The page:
The operation with the two basic concepts of the objectual philosophy - objects and processes - makes that the meaning of some terms which are commonly used within the current scientific papers to be a different one, depending on the association with the one or other of these notions. This is also the case of the term known as causality. These are few excerpts from The Dictionary of Logics110: “Causality (causal connection) - relation between phenomena (events) characterized by the fact that a phenomenon (named cause) generates another phenomenon (named effect). For example, we may consider the physical law of the materials dilatation by means of heating. The heating is the cause of dilatation, and the dilatation is the effect of heating. The causality relation shall be displayed as follows: C(x,y) (“x is the cause of y”). A much debated issue in the causality theory is the ratio between the cause and effect throughout time. Is it the cause simultaneous with the effect or is there a temporal succession between the cause and effect? One may notice that the cause-phenomenon comes along with a series of circumstances. This set of circumstances which contains the cause shall be called complex cause. Let us consider C(c) as the complex cause. There are numerous complexes which are related to a specific cause: C1(c), C2(c), …, Cn(c), … Regardless of other reasons, it may be found that: a) the cause phenomenon occurs (is recorded) experimentally, before the occurrence of the effect phenomenon; b) the effect phenomenon occurs only after the generation of the cause phenomenon; c) at least some of the features belonging to the cause phenomenon may be produced apart from the effect phenomenon…” (quote ending).
If we shall interpret the terms of the above mentioned definition in terms of the objectual philosophy, the phenomenon notion is mainly referring to processes, more exactly to an agent process - the cause - which acts on an object, produces another process, an action, a state variation of the driven object - that is the effect. In this case, it is clear that we are dealing with a causality relation between the two processes, namely a relation of processual causality. But, both the cause and the effect processes are some variation state of specific objects: the agent and the driven object. The states of the two objects, which are also objects (obviously, abstract ones) are also maintained in a causality relation, because the state of the driven object is an effect of the action, and the state of the agent object is an effect of the reaction (if the reaction exists). The states of some objects which deployed or still deploy processual causality relations between their properties become objects which are under objectual causality relationships.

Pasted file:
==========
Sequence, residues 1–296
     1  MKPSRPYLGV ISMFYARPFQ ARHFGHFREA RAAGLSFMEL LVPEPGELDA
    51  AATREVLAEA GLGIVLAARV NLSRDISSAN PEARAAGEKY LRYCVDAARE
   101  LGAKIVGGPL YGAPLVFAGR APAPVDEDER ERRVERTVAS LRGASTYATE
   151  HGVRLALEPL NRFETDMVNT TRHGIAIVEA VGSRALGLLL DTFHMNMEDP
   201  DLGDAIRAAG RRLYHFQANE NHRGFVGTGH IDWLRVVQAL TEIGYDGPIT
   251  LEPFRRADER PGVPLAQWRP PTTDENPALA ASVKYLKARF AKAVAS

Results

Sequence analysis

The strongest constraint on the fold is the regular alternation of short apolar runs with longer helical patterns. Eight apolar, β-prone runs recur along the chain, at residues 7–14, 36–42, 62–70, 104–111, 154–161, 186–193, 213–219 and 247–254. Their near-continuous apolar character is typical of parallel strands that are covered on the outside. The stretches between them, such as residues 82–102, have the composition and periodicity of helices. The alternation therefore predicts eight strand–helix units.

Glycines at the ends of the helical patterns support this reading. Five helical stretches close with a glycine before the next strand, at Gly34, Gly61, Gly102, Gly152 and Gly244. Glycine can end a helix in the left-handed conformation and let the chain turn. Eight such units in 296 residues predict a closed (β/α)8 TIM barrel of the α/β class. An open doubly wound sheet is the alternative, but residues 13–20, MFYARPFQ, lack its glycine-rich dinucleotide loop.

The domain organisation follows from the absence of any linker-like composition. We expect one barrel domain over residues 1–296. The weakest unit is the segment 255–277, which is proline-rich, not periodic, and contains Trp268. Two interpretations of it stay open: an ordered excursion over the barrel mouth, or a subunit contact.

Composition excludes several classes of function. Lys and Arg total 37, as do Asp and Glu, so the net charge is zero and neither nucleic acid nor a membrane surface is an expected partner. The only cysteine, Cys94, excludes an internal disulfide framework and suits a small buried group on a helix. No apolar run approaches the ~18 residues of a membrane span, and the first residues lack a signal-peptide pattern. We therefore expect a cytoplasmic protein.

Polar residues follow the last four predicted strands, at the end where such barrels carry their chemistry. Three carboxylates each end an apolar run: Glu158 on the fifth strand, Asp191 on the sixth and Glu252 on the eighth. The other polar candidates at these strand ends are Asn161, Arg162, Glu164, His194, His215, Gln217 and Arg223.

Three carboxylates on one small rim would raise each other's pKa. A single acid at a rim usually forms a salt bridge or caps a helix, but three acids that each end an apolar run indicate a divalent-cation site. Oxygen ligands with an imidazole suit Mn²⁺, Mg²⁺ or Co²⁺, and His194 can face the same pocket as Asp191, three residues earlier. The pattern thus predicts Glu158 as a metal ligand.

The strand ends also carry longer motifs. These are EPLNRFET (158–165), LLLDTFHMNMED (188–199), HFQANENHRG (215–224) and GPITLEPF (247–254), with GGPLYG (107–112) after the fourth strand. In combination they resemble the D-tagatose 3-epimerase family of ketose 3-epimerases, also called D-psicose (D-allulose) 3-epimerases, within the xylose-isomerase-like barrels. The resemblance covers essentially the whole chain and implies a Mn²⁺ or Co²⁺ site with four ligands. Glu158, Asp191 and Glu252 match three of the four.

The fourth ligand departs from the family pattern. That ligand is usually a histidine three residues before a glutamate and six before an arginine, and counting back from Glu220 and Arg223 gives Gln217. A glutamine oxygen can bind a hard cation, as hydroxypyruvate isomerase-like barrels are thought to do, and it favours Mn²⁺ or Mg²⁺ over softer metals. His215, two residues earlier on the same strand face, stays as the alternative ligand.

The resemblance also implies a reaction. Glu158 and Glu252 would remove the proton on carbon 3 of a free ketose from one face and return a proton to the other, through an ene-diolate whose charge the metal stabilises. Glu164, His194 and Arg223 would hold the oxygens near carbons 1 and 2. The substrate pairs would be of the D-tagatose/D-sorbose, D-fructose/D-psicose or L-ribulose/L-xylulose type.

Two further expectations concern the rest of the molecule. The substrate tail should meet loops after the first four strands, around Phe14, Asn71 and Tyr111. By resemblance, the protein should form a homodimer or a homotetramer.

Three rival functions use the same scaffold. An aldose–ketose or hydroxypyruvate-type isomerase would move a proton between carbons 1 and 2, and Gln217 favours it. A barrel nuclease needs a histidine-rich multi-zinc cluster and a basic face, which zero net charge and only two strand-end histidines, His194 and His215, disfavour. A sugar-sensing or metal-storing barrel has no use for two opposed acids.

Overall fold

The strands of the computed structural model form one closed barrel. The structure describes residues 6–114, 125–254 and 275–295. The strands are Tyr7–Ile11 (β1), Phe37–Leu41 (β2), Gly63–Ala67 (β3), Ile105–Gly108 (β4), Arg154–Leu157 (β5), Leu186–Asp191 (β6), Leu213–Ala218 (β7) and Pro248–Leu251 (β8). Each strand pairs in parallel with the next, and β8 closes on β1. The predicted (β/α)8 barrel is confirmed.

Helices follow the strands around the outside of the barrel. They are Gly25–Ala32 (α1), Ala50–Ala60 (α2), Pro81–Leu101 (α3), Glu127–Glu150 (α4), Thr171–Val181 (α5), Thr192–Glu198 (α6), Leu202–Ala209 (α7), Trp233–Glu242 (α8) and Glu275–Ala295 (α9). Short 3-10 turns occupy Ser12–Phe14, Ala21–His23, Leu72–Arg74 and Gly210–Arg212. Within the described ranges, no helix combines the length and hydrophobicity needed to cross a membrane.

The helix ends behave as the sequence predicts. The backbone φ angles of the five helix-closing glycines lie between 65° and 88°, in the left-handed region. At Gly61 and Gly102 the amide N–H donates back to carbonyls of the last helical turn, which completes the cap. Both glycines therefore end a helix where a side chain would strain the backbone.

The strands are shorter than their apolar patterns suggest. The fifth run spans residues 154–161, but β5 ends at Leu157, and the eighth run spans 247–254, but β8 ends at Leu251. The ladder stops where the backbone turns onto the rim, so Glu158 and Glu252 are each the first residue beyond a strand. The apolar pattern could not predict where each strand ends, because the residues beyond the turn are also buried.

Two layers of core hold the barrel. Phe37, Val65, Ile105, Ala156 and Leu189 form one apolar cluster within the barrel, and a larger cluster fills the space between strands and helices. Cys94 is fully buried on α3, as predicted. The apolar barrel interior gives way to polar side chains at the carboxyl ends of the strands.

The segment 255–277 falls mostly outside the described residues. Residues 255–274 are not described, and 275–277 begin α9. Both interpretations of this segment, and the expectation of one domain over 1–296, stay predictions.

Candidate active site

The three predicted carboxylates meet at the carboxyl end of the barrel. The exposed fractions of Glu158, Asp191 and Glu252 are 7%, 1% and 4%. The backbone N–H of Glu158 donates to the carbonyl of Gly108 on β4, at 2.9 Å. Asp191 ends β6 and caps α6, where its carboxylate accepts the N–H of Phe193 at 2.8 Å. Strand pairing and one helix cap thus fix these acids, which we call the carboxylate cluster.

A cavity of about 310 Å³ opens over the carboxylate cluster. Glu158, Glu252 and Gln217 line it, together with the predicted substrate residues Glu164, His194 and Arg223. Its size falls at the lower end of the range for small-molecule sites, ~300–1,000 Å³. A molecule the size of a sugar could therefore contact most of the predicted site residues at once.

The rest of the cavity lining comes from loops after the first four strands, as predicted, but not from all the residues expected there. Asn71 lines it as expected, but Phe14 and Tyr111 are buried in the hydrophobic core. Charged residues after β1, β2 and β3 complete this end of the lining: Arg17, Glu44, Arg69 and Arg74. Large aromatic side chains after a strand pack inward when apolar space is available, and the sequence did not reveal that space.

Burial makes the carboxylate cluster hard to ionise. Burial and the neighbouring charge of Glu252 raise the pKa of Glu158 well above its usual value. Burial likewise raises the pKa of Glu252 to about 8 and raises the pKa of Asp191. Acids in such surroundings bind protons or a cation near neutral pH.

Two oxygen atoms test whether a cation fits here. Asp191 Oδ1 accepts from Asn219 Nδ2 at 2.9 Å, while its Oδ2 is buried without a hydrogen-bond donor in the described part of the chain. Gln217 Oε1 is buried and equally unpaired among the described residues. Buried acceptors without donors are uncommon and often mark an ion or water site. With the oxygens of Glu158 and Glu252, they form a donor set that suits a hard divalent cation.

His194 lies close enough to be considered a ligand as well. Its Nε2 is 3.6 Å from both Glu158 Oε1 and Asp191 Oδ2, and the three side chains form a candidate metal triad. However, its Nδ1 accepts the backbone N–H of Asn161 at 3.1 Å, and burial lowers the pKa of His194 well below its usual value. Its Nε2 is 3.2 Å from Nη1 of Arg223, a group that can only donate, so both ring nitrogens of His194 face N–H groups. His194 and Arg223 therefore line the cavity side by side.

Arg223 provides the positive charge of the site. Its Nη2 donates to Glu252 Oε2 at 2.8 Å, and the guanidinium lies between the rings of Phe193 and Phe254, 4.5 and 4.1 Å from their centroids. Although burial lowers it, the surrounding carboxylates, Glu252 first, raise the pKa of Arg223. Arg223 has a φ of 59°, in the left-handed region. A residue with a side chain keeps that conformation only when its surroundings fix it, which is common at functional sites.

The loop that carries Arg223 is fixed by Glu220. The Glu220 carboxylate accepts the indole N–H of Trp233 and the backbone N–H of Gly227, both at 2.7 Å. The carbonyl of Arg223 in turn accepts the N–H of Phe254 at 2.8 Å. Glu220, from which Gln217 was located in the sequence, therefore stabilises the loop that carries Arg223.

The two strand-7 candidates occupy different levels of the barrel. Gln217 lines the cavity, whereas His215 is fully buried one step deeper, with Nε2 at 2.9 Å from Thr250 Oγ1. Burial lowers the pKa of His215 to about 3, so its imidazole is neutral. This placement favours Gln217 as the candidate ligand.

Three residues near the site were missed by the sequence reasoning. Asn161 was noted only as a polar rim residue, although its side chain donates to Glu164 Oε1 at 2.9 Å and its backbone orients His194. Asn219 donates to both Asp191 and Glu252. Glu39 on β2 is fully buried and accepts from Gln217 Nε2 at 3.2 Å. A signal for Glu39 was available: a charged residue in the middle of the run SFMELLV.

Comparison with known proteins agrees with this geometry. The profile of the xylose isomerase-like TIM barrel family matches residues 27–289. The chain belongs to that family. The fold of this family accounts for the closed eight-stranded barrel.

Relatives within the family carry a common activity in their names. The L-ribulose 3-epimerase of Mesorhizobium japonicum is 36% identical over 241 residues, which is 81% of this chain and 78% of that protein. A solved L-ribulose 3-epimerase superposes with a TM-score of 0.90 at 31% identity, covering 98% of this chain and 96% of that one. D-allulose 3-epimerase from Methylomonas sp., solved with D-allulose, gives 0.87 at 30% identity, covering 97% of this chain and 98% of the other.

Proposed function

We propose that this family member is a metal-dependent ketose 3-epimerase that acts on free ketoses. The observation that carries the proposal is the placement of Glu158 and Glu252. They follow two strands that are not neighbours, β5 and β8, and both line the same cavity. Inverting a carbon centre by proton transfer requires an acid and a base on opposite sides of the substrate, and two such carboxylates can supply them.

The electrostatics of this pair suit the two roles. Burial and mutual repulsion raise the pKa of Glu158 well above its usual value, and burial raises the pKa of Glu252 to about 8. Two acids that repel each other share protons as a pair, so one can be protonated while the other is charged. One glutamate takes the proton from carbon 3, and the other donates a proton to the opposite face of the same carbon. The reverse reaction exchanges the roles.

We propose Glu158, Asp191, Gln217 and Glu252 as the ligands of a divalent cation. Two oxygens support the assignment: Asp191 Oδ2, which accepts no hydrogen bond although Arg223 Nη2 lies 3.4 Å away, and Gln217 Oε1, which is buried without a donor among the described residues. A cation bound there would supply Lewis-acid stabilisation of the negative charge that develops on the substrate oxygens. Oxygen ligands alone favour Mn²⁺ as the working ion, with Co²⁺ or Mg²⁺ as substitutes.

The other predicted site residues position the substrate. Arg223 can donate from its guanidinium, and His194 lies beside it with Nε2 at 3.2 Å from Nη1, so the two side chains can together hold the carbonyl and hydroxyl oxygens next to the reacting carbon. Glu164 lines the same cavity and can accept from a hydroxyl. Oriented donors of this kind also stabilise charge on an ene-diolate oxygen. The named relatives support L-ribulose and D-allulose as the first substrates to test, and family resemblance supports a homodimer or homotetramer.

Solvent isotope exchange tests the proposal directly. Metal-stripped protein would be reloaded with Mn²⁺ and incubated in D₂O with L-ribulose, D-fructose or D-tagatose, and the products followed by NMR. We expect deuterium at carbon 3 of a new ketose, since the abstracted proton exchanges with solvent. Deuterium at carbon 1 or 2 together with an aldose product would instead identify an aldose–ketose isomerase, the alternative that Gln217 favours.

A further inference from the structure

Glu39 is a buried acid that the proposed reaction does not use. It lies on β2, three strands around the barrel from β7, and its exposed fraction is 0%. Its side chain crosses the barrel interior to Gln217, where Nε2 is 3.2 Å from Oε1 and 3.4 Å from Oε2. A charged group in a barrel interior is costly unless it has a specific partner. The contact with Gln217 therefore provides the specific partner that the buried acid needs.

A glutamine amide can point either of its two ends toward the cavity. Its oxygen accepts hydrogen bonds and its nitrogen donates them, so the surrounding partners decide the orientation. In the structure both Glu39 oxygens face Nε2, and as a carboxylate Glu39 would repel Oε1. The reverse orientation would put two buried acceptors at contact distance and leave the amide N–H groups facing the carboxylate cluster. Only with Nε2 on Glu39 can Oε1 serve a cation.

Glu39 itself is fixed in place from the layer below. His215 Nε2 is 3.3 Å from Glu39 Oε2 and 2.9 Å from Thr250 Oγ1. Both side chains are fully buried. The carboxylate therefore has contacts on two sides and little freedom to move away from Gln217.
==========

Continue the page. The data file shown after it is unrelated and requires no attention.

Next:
If we are taking into account the axiom I (axiom of the quantitative value), which postulates that any existential attribute is the result of a generating process (and vice-versa, any vanishing of the value of an existential attribute is the result of an annihilation process) we have the possibility of showing-up the causal bonds, because the collection of the existential attributes of an object or process (collection which makes-up the state of the object or process) is the result of a set of generating processes. This collection of generating processes makes-up a causal structure for the state at the present moment, state which is the effect of the causal structure.
Comment X.19.1: The term of “causal structure” which is used in this context is the equivalent of the “complex cause” term from the above-mentioned causality definition. The word “structure” was used because, in a graphical representation (for example, the flow chart on the production of a specific object), there is an invariant spatial distribution of the various stages (state-type objects) of the processes with invariant bonds deployed between them, therefore an S-type system.